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CIO podcast: Cindy Fedell on the highs and lows of collaboration

“There has to be a win in there for everybody,” says NHS CIO Cindy Fedell of the importance of collaboration.  Fedell was talking about the highs and lows of collaboration in the NHS at the Innovation Leadership Summit, held in the autumn of 2017 by the Horizon CIO podcast.  

Bradford Teaching Hospitals NHS Trust serves 500,000 residents and says it provides further services to 1.1 million. Maternity through to elderly via intensive and children’s care are provided and there is a strong research arm to the hospital in areas such as eye care, hip fractures and dementia. As a teaching hospital Bradford has simulation centres for the teaching  anaesthetics, emergency, obstetrics and theatre where close to real scenarios are taught. As Fedell told the largest gathering of CIOs in the UK, the hospital has one of the busiest accident and emergency departments in the country.

Fedell, originally from Canada, is leading a number of cross-trust developments in Yorkshire including the rollout of a new electronic patient record (EPR) system with Calderdale and Huddersfield NHS Foundation Trust and the adoption of digital health across  Bradford, Airedale, Wharfedale, and Craven through supporting the development, implementation and evaluation of the impact of innovative new digital health technology. This high level of organisational collaboration has huge opportunities and some challenges.

“Everyone would agree and believe that the NHS naturally collaborates. As a patient you move from your GP surgery to a hospital to social care and back around. We are a health system in that way, but we move people around very deliberately, we pass people back and forth.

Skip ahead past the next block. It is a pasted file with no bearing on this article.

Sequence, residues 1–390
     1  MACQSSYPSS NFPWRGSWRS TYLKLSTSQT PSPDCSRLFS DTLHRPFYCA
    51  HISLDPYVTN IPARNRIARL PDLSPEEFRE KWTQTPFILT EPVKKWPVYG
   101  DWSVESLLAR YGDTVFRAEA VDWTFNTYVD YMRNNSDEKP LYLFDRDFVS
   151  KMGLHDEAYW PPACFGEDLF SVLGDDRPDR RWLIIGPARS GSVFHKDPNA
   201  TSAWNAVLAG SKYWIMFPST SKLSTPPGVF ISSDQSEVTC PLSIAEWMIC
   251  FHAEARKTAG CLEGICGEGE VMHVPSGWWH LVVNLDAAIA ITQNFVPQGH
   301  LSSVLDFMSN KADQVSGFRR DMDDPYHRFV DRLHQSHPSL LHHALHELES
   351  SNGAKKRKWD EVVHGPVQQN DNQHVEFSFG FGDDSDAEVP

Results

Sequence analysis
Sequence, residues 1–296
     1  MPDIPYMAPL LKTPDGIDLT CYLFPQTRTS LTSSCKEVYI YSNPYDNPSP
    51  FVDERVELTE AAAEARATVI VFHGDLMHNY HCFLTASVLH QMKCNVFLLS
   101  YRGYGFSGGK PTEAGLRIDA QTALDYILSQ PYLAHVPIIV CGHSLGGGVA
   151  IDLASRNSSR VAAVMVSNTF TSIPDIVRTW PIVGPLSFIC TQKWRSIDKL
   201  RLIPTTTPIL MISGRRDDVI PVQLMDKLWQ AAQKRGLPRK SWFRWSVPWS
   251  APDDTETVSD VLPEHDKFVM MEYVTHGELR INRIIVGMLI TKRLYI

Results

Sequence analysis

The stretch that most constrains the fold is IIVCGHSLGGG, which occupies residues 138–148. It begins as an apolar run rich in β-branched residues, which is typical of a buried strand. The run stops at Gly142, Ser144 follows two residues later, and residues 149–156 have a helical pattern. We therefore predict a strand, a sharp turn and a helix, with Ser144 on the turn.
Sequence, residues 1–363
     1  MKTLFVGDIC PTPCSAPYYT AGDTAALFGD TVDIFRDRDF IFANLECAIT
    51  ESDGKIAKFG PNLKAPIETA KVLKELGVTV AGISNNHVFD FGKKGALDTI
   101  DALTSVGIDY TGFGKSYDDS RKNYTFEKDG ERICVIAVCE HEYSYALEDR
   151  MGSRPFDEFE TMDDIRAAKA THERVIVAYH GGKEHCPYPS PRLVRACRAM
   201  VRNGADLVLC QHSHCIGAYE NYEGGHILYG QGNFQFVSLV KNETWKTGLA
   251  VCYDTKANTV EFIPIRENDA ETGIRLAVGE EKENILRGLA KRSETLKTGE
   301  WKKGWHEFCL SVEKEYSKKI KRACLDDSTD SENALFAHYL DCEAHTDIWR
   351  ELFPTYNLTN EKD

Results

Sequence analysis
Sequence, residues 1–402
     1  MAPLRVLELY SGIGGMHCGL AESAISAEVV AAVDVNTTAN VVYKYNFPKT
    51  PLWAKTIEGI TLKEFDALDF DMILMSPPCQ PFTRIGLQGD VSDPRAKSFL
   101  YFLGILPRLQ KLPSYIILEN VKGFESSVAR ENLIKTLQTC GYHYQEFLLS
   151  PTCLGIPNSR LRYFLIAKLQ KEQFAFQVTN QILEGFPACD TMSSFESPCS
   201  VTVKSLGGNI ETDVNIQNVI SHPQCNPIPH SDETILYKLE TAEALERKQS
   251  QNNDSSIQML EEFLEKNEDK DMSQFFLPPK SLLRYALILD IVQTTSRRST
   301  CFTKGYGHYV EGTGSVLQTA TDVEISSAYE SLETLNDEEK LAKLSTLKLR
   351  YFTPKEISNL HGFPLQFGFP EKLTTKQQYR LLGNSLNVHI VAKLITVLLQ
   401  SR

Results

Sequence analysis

“Two years ago the NHS launched a strategy called the Five Year Forward View, this strategy said just go out and get it done,” Fedell says of the authority to develop new models of care. The CIO says this has enabled NHS trusts and their CIOs to develop different ways of delivering services, “the delivery of care in a network or a collaborative way”.

“From an IT perspective, the enabling technologies need to be there,” she says of the role of the CIO in the new collaborative NHS. In collaboration NHS trusts are looking to improve patient care and reduce costs.  In a week where the challenges of the cuts to the NHS have dominated the headlines, the need for trusts to modernise comes sharply into view. Fedell says her trust has already experienced improvements in bargaining power with suppliers through the efficiency of scale as a group rather than as a single trust: “We have saved £5m, so that is very important,” she says on the Horizon Live CIO podcast.

“The British Medical Journal claims that 20% of radiology tests are not necessary and collaboration can reduce this,” she adds. But it isn’t just about cost reduction, the 2017 Wannacry malware attack hit the NHS particularly hard and Fedell says collaboration brings cybersecurity skills together. “No trust has a huge cybersecurity team, but if we work together we can provide some resilience,” she says.

The importance of relationships